Listen - Don't Look - for Lies

By John Scorza Jul 1, 2015
​LAS VEGAS—Can you spot a liar? Most people can’t, and that’s because they’re paying attention to unreliable cues to deception, said Michael Wade Johnson, CEO of Clear Law Institute, during a June 30, 2015, mega session at the Society for Human Resource Management 2015 Annual Conference & Exposition.

When HR professionals investigate possible workplace misconduct, they often look for classic signs of deception, for example, that a person is fidgety or reluctant to look them in the eye. But those signals aren’t worth much. “It turns out a lot of what we thought about cues to deception were flat-out wrong,” Johnson said.

Instead, those behaviors may indicate that an employee is nervous, he said. Many HR professionals take a formal approach to interviewing employees during investigations, and that can make employees nervous, which can in turn lead HR to misinterpret signs of nervousness as guilt. So while body language and facial expressions can help detect emotions, they’re not very helpful for detecting lies.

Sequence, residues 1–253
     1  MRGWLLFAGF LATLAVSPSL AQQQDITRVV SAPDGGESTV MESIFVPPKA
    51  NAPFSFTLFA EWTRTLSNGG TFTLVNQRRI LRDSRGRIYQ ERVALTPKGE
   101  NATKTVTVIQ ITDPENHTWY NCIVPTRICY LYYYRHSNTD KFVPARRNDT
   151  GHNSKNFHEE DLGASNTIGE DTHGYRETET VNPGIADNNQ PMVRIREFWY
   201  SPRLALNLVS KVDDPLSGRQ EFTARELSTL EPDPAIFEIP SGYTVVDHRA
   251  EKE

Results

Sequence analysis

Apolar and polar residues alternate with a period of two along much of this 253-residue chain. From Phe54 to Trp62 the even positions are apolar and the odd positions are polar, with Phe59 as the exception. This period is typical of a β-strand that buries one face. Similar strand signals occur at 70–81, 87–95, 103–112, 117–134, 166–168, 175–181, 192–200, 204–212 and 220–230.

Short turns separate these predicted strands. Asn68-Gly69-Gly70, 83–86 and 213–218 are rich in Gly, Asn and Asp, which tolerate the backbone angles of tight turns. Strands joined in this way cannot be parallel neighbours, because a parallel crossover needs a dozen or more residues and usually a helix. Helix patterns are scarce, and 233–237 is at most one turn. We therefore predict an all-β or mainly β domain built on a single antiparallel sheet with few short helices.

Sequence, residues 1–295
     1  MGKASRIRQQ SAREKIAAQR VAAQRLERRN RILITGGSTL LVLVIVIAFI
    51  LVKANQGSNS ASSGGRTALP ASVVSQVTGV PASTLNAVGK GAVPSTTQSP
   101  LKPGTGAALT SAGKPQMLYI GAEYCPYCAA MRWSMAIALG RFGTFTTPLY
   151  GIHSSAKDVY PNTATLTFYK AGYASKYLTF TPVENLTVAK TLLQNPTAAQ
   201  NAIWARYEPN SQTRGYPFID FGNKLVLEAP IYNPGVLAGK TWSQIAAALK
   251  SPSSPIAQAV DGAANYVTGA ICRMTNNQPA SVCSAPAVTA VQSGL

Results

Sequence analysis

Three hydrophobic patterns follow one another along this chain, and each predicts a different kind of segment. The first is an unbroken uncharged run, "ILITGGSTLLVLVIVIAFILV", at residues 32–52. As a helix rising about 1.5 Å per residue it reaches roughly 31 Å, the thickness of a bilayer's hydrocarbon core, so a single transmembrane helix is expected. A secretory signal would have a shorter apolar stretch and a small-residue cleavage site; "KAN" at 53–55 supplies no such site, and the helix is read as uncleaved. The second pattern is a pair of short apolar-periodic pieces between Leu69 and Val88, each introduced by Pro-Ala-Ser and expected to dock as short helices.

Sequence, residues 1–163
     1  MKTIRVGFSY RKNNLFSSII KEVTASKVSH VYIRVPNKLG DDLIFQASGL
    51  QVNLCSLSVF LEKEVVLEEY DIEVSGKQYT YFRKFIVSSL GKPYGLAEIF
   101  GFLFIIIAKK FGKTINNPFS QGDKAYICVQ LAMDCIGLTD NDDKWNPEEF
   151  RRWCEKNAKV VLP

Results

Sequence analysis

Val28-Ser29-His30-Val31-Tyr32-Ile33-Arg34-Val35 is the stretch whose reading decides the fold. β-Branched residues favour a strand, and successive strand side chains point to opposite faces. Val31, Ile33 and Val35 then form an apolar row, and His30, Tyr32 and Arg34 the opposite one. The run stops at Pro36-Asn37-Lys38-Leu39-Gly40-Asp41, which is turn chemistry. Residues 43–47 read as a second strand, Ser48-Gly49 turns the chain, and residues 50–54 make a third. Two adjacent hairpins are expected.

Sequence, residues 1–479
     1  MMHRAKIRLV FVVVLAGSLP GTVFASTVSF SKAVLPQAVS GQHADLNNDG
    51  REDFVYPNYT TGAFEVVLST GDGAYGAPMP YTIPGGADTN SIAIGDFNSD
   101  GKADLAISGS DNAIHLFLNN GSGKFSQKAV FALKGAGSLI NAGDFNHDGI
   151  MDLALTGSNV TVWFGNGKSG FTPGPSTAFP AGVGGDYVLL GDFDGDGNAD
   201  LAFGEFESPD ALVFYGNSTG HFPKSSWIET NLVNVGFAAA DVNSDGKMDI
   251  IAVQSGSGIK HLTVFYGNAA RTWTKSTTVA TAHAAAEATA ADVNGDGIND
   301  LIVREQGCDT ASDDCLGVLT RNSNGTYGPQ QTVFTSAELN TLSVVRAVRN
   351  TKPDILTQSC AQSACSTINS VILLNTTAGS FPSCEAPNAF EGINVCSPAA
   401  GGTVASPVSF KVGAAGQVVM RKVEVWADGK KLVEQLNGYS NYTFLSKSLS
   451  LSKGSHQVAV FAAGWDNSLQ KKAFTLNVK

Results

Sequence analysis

“It’s much more important for you to listen, rather than look,” Johnson said, “because looking can lead you astray.”

Rather than a formal investigation—where HR takes on the role of prosecutor and judge—you want to put the employee at ease to discover the truth. Don’t show that you’re suspicious. And the most important thing during a workplace investigation is to let the employee talk, Johnson said. “The No. 1 way to detect deception is to make them tell a story.” Think of the interview as a funnel, he said. Ask broad questions to open the interview, such as “So what happened? … Then what?”

After they tell their story, look at the specific questions you might have prepared and focus on what the employee hasn’t addressed. You want the employee to provide as many details as possible. Then you can look for inconsistencies and evidence or witnesses to contradict the employee’s story. “Detail is the enemy of a lie,” Johnson said.

If an employee is lying, she may give some verbal cues during the interview, he noted. After all, it’s not easy to make up a story, provide details and stay consistent.

“Lying can be mentally taxing,” Johnson said. Verbal cues of deception may include shorter answers, long pauses before answering, or speaking more slowly and in a carefully crafted manner, he said. Throughout the interview, listen—don’t look—for cues to deception.

John Scorza is associate editor of HR Magazine.

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